Irish names tend to vary widely in their spelling and overall form. The original Gaelic form of the name Cassaday is O Caiside.
Early Origins of the Cassaday family
The surname Cassaday was first found in Fermanagh
(Irish: Fear Manach) in the southwestern part of Northern Ireland
, Province of Ulster
, where the Irish sept
claims direct descent from the Irish King Colla da Crioch who was banished from Ireland
Early History of the Cassaday family
This web page shows only a small excerpt of our Cassaday research.Another 191 words (14 lines of text) covering the years 1143, 1143 and 1740 are included under the topic Early Cassaday History in all our PDF Extended History products and printed products wherever possible.
Cassaday Spelling Variations
A name was often recorded during the Middle Ages under several different spelling variations
during the life of its bearer because literacy was rare there was no real push to clearly define any of the languages found in the British Isles at that time. Variations found of the name Cassaday include Cassidy, Cassady, Cassiday, Cassedy, Cassedey and others.
Early Notables of the Cassaday family (pre 1700)
Another 26 words (2 lines of text) are included under the topic Early Cassaday Notables in all our PDF Extended History products and printed products wherever possible.
Migration of the Cassaday family to the New World and Oceana
Death and immigration greatly reduced Ireland's population in the 19th century. For the native Irish people poverty, hunger, and racial prejudice was common. Therefore, thousands left their homeland to seek opportunity in North America. Those who survived the journey and the quarantine camps to which they arrived, were instrumental towards building the strong developing nations of the United States and the future Canada. By far, the largest influx of Irish settlers occurred with Great Potato Famine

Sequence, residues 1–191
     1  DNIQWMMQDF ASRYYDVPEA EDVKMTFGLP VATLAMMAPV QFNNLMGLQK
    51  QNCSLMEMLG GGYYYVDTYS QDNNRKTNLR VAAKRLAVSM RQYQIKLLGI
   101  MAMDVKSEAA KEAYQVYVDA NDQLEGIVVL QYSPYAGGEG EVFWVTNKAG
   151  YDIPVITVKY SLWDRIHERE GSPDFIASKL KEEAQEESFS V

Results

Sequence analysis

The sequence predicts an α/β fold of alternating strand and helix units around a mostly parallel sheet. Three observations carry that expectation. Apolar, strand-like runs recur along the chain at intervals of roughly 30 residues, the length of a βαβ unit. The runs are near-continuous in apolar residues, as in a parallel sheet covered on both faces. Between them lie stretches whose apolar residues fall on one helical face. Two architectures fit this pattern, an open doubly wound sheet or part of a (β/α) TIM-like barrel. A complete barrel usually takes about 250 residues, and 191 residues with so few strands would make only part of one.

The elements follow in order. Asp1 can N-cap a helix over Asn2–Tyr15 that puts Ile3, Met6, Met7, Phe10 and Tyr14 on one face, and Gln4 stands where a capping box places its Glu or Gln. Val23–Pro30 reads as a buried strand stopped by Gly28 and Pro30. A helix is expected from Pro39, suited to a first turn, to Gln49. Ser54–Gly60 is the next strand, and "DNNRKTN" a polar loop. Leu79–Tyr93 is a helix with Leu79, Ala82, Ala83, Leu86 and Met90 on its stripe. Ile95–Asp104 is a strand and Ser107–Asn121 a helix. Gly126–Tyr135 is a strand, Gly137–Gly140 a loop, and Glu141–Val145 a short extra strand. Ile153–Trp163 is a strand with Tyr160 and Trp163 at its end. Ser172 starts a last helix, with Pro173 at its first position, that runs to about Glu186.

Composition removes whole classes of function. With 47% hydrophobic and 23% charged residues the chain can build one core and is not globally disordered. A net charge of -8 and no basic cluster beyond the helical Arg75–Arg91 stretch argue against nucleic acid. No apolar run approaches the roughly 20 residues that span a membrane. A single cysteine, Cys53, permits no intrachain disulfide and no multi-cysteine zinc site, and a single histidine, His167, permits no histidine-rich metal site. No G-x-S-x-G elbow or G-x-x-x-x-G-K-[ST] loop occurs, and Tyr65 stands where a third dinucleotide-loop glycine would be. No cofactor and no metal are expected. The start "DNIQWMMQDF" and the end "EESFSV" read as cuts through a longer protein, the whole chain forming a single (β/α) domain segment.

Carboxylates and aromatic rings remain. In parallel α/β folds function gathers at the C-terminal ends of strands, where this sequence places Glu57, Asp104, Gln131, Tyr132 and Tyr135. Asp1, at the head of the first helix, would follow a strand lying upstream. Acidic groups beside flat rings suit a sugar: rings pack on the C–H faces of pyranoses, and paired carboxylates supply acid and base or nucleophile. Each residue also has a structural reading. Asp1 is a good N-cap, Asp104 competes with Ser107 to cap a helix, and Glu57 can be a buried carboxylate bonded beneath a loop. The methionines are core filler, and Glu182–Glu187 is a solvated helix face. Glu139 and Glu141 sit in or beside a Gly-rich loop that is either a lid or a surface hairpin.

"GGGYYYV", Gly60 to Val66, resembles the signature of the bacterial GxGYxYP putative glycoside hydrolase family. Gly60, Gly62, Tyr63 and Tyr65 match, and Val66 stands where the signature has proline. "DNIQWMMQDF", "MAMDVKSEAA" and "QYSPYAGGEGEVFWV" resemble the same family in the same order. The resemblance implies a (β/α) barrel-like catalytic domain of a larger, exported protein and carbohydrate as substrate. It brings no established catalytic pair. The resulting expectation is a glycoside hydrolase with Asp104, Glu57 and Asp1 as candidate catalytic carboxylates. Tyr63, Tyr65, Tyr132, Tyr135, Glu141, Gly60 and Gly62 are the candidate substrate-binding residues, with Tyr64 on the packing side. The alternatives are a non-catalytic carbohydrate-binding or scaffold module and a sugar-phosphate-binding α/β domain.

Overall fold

during the late 1840s. These were employed as construction or factory workers. An examination of passenger and immigration lists has shown early immigrants bearing the name Cassaday:
Cassaday Settlers in United States in the 17th Century
- Mary Cassaday, who arrived in Maryland in 1674 CITATION[CLOSE]
Filby, P. William, Meyer, Mary K., Passenger and immigration lists index : a guide to published arrival records of about 500,000 passengers who came to the United States and Canada in the seventeenth, eighteenth, and nineteenth centuries. 1982-1985 Cumulated Supplements in Four Volumes Detroit, Mich. : Gale Research Co., 1985, Print (ISBN 0-8103-1795-8)
Contemporary Notables of the name Cassaday (post 1700)
- John Cassaday (b. 1971), American comic book artist and writer
- Dr. Helen Cassaday, British Associate Professor and Reader in Behavioural Neuroscience, School of Psychology, Faculty of Science, University of Nottingham
The Cassaday Motto
The motto was originally a war cry or slogan. Mottoes first began to be shown with arms in the 14th and 15th centuries, but were not in general use until the 17th century. Thus the oldest coats of arms generally do not include a motto. Mottoes seldom form part of the grant of arms: Under most heraldic authorities, a motto is an optional component of the coat of arms, and can be added to or changed at will; many families have chosen not to display a motto.
Motto: Frangas non flectes
Motto Translation: Thou may'st break, but shalt not bend me.